Dorner, Django, and the Tremendous Responsibility of the Artist

A theme fairly common to modern-day cinema is that of revenge.  Our hero was happy and everything was perfect.  Everything is taken away from him.  Battered and bleeding, he embarks on a righteous crusade for payback.

We love this sort of thing in our culture.  It makes us pump our fists and feel vindicated.  We might jump a little bit as our hero kills the antagonist in cold blood, but then we cheer.  “Justice” has been done and we get to watch it all happen in a two hour, nicely produced package.  We love this type of fantasy in film and books and we leave the living room or the theater feeling charged up and we hold our heads up high.

It looks different in real life than in fantasy.  Or perhaps not, for all of the same elements are there, only with real consequences.  For revenge is not justice, but rather a perversion of it.

In real life, the Hollywood revenge story looks uglier.  It looks like Christopher Dorner, a cop-killer and a 4-time murderer who was recently all over the news.  Citing vague notions of racism and corruption in the Los Angeles Police Department, he decided that it was his moral obligation to blow the brains out of innocent men and women as they sat unsuspecting in their homes.

What is perhaps even more disturbing than his actions was the support that he garnered.  “Dorner Supporters” held protests near police stations, news outlets discussed the merits of his agenda, and many people brushed aside the bloodshed and justified the deranged and evil actions of this serial killer.  That is what he was.  Not a vigilante, not a crusader, but a serial killer.

If you type “modern day Django” into google, the first page is filled with results referring to Dorner. He’s been called a hero on the news.  ABC wrote an article entitled “Did Dorner Have Legitimate Complaints against the LAPD?”  All over the news, journalists were saying that he had a point, and the implication was that it’s an ugly business what he did, but it might have been necessary.

Oh, and forget about the families of the four innocent people who lie dead (only two of which were police officers and none of which worked for the LAPD).

And we continue to watch revenge cinema.  I intend in no way to excuse this man’s actions, for his choices were his own, but do you suppose that Dorner hadn’t seen films like “The Punisher” and “Django Unchained” and many, many others?  Those movies didn’t make him a killer, but they may have given him ideas, given him justification in his own mind.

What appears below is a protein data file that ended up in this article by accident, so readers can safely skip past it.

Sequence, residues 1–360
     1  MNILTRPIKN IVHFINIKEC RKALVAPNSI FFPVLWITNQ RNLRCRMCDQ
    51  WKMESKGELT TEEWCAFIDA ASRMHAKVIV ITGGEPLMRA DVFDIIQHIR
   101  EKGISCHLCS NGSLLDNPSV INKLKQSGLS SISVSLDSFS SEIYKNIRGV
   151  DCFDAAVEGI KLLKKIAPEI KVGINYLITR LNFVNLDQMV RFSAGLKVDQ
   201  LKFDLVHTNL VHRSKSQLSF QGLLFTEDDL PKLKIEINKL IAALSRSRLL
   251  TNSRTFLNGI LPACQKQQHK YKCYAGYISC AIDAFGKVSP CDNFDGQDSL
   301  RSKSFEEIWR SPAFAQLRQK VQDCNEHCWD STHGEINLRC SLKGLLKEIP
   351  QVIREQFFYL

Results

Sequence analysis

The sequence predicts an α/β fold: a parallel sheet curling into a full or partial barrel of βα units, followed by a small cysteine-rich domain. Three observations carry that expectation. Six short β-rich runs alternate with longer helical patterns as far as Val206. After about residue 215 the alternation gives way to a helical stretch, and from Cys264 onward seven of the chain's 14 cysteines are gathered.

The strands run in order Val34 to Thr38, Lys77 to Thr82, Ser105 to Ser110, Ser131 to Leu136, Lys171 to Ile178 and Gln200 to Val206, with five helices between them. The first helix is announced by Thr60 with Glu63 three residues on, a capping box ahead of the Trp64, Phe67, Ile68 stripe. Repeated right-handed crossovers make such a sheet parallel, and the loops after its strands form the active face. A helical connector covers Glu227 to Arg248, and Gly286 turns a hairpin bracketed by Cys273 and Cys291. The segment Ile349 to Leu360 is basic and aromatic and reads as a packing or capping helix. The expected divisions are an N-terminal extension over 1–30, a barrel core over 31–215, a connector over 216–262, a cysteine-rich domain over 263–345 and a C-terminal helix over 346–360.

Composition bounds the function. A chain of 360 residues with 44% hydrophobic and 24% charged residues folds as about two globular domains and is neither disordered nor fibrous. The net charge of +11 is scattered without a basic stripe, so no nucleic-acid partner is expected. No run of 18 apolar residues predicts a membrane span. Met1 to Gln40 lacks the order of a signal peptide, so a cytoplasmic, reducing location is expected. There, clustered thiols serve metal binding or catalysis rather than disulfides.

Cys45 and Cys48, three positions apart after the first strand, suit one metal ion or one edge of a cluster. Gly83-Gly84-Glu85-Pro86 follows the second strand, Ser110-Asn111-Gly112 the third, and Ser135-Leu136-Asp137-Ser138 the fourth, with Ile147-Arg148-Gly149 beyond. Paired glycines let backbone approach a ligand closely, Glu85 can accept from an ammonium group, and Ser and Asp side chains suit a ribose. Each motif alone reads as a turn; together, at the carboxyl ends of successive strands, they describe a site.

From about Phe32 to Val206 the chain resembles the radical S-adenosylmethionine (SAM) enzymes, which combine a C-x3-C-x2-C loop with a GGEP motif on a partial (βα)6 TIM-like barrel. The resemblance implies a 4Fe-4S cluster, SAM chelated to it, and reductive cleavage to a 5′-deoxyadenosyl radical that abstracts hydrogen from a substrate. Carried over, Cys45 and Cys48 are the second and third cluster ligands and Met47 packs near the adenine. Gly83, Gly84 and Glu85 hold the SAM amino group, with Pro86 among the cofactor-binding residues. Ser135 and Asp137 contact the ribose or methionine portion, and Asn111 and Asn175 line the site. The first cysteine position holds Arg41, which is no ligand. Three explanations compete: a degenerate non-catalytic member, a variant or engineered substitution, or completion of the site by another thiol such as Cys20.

Culture is ruled by narrative.  We remember stories we’ve been told, films we’ve seen, books we’ve read, songs we’ve listened to, and we accept their premises after repeated, conscious exposure.  Our brains like to build heuristics to handle life.  We like to treat each situation as the variables that complete our pre-printed, fill-in-the-blank worksheet.  Insert “LAPD” for evil racists who will get what’s coming to them, insert “Dorner” for wronged black man on a quest for vengeance, and we’re done.  No problems here.  (Never mind the fact that Emada Tingirides, a black, female sergeant in the LAPD, came out to passionately deny the presence of racism in the department.)  We fit situations into the fantasies that we’ve accepted.

I’m not condemning stories.  I’m not condemning film.  I’m not even condemning man’s practice of filling in the blank.  What I am saying is that this is the reality of how things work.  If movies, books, music, video games, etc. can shape our cultural narrative, shouldn’t we write them with fear and trembling?  Should not we be extremely purposeful in the messages that we purvey?

Artists have a tremendous responsibility on their shoulders.  It is often ignored, but it exists none the less.  What sorts of stories are we telling?  What is the moral?  For there is always a moral- intended or not.

The sad truth is that even if Dorner’s claims were true, it would still be horrifically wrong for him to do the things that he has done.  Yet that is not the way most people see it at first glance.  Our cultural narrative endorses revenge, which is one of the ugliest vices of man.  What if our stories, our narratives, endorsed forgiveness?  What if they endorsed patiently pursuing justice the right way?  What if our stories weren’t so self-focused?  I think the world would be a different place today.

Writers, musicians, editors, filmmakers, painters, actors, directors, and the rest of you, we have a responsibility that should not be taken lightly.  If not a responsibility, then at least an influence, and we should take tremendous care in what we do with it.  People want their lives to fit into a story, so let’s give them a good one.

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